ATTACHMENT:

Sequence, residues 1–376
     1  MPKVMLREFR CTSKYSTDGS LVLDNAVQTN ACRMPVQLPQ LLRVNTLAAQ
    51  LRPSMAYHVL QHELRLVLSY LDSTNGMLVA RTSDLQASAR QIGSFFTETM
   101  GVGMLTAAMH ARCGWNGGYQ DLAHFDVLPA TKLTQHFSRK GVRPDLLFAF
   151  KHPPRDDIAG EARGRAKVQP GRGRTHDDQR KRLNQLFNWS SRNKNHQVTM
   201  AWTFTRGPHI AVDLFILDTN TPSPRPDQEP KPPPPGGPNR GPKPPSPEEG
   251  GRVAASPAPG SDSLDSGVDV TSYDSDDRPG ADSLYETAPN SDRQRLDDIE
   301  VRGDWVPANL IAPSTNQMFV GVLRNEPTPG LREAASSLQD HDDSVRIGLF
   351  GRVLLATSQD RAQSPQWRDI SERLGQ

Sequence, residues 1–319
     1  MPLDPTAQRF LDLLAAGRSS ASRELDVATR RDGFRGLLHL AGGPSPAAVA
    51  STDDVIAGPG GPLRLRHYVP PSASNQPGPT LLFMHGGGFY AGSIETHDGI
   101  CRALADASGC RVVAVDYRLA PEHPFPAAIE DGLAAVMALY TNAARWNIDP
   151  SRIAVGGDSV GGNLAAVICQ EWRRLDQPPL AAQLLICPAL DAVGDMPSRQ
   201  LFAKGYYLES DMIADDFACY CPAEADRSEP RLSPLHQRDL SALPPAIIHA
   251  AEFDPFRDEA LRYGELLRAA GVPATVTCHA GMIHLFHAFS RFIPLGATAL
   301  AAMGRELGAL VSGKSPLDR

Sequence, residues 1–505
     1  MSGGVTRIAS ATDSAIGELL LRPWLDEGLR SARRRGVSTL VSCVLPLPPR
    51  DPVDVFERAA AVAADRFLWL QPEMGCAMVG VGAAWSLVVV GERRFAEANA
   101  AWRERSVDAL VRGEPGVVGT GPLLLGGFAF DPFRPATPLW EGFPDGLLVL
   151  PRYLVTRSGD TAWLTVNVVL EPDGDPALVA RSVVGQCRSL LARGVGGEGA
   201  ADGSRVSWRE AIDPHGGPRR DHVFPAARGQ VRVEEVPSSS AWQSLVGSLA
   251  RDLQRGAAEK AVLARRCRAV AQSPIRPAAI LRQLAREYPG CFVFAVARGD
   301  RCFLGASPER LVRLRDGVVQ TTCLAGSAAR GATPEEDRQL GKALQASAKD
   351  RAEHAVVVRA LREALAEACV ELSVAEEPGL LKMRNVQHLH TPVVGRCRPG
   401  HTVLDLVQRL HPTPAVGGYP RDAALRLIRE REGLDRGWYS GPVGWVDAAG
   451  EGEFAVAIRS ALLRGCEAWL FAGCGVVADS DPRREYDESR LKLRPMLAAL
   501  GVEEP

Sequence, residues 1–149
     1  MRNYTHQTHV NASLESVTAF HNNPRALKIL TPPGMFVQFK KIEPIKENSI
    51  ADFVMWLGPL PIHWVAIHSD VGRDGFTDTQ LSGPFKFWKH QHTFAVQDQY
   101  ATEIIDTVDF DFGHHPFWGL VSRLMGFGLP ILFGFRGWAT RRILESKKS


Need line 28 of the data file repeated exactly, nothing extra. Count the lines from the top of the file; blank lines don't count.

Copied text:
   451  EGEFAVAIRS ALLRGCEAWL FAGCGVVADS DPRREYDESR LKLRPMLAAL